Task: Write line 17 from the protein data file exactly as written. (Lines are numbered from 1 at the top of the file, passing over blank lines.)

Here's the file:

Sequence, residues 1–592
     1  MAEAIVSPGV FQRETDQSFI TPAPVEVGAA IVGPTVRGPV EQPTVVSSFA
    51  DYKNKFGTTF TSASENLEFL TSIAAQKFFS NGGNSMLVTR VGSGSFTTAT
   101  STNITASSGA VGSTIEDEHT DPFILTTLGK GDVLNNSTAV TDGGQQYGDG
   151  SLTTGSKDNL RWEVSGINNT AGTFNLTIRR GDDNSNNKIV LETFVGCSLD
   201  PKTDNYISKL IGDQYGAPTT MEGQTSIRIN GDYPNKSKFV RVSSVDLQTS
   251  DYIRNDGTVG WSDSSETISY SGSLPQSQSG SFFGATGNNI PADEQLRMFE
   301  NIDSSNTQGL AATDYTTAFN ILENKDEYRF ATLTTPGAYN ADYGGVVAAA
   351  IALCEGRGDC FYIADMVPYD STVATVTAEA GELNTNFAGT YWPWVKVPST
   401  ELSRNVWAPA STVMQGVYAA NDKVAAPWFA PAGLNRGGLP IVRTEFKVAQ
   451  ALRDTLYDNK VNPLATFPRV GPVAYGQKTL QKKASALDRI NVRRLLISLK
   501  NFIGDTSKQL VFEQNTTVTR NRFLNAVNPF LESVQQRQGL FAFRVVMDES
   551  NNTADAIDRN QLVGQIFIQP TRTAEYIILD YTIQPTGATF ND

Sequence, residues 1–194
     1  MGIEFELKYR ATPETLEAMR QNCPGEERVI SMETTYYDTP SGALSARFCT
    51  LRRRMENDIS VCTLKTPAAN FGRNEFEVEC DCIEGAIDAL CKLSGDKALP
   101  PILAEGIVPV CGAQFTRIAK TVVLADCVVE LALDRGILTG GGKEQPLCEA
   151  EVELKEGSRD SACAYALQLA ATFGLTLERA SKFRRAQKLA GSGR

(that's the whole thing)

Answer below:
   101  PILAEGIVPV CGAQFTRIAK TVVLADCVVE LALDRGILTG GGKEQPLCEA